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Subject:Re: MIS Is Not the Enemy From:"Arlen P. Walker" <Arlen -dot- P -dot- Walker -at- JCI -dot- COM> Date:Tue, 30 May 1995 12:07:00 -0600
Their biggest problem was getting the user community involved in making
decisions which would affect them; their second biggest problem was
dealing with the hell that users raised after decisions had already been
made, sometimes at the cost of hundreds of thousands of company dollars.
I've heard this before, but in those instances I investigated the reality was a
little different. The user base was filled with "You're going to do what you
want to us anyway, so why should I disrupt my schedule to provide input which
will be ignored" attitude, which was why they had trouble getting involvement
from the users. The historical data I found indicated that the MIS depts in
question had listened politely to the users, then done what was most convenient
for them (the MIS depts) and tried to explain to the users how this was also to
their (the users) benefit.
I had an interesting example of that played out in front of me here just
recently. One of the IS staffers here met with an engineer in an effort to
bridge the gulf between the groups. (I'll give her credit for making an attempt,
anyway.) She said she knew they hadn't been serving them well, and asked him to
explain what he needed in order to improve the situation. He was ready with a
list of things that the engineering staff had been needing in the computer area
(support for various products, access to some new technology, etc.) for a long
time. It got to be amusing listening to the constant "I can't[won't] help you do
that" answer to every single item on the list, without exception. Yet that same
staffer still complains that the reason Engineering thinks they aren't getting
good service is that they can't make up their mind what they want and won't help
MIS sell anything to the upper management!
Having been in the possition of making a stink after decisions have been made, I
can point out that very often the decisions are made without complete or correct
info. In one case a decision was made based on a survey of existing hardware and
software. When the decision was announced, we wondered why it was such a weird
one. When we saw the "survey" data, it was apparent. The "data" was concocted to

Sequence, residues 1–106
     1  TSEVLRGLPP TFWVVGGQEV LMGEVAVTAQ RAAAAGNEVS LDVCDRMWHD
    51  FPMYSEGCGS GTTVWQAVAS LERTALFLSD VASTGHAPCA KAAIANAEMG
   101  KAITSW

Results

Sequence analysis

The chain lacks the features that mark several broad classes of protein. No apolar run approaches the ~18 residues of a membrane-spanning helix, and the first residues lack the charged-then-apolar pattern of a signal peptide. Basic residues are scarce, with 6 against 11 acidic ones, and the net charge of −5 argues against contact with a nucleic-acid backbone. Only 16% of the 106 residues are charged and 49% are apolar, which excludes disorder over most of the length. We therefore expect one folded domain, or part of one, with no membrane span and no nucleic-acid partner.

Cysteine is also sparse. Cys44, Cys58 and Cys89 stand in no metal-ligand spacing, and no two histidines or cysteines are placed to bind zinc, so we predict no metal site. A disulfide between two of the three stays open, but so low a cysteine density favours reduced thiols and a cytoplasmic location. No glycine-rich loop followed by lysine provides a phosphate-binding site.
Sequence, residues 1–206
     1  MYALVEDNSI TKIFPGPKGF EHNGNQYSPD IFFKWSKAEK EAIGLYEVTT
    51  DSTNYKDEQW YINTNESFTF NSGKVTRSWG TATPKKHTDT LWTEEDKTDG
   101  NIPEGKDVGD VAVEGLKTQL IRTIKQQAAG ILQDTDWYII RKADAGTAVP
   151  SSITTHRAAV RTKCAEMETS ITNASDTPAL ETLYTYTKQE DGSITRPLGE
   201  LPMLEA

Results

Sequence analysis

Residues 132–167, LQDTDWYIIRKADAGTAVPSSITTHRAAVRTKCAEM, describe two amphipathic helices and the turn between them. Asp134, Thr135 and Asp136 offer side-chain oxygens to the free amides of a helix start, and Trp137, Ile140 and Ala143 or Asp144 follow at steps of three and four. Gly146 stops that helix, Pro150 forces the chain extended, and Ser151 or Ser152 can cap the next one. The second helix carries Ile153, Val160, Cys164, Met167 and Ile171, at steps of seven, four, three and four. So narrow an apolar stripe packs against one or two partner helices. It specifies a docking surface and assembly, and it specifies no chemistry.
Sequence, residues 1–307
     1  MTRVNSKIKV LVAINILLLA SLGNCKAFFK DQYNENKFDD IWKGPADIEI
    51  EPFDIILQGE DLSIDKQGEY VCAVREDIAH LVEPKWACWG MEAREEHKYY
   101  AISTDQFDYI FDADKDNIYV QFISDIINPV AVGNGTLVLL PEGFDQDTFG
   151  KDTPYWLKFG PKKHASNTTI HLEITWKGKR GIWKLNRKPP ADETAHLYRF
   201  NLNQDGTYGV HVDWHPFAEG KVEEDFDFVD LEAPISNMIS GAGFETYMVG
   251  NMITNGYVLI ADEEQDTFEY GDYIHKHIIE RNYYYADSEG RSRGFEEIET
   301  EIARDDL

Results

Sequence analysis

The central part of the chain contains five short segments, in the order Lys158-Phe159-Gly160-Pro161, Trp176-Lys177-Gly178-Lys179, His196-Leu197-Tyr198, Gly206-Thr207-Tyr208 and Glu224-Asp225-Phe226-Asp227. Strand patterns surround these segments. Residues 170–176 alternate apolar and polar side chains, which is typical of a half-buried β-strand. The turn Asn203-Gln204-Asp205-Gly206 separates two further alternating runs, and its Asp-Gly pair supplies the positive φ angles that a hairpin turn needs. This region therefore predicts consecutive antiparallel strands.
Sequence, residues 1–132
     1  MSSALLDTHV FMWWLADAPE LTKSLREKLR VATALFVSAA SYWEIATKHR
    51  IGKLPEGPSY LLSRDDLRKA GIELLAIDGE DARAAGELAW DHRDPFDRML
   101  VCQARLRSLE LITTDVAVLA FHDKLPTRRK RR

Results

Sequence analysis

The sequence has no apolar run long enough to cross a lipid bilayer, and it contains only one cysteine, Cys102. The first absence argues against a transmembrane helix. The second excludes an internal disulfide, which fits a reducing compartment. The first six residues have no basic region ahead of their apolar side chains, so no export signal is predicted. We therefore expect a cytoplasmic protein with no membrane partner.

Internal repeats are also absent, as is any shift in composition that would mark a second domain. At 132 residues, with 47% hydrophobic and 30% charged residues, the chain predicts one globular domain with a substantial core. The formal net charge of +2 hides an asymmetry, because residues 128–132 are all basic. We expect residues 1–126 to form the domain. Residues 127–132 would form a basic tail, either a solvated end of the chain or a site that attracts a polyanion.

support the "political" decision which had already been made, and it had no
relation to reality. Partly it's the fault of the front-line troops who fudged
the data, but mainly it's the fault of a manger who wouldn't countenance any
deviation from his own particular preferences. He "knew", for example, that
"everyone in the company used 1-2-3 except for a few troublemakers" and they
obliged by not contacting any department which had a substantial number of
copies of the software he wanted excluded (even though Excel outpolled 1-2-3 by
about 1.5:1 in a real survey we took in an effort to refute the previous one).
Yes, George, MIS depts are more often than not staffed with good conscientious
folks. But that isn't enough. Sometimes management gets in the way. Sometimes
it's their own preconceptions. Good intentions doesn't mean good procedures.
Rather than bashing MIS, we tech comm types ought to be partnering with
the computing folks. We're a microcosm of typical end users, the ideal
evaluators and testers of the technology that MIS wants to deliver.
Instead of bashing, let's cooperate. That way, everyone's better off, and
IT solutions are true solutions, not another set of problems.
Yes, but remember that working together requires effort from both sides. In my
experience, MIS shops tend to equate "work with me" to "do it my way." There are
exceptions, and if you have one, be thankful. And give 'em a kiss for me. We
need more like them.
Chief Managing Director In Charge, Department of Redundancy Department
Arlen -dot- P -dot- Walker -at- JCI -dot- Com
In God we trust; all others must provide data.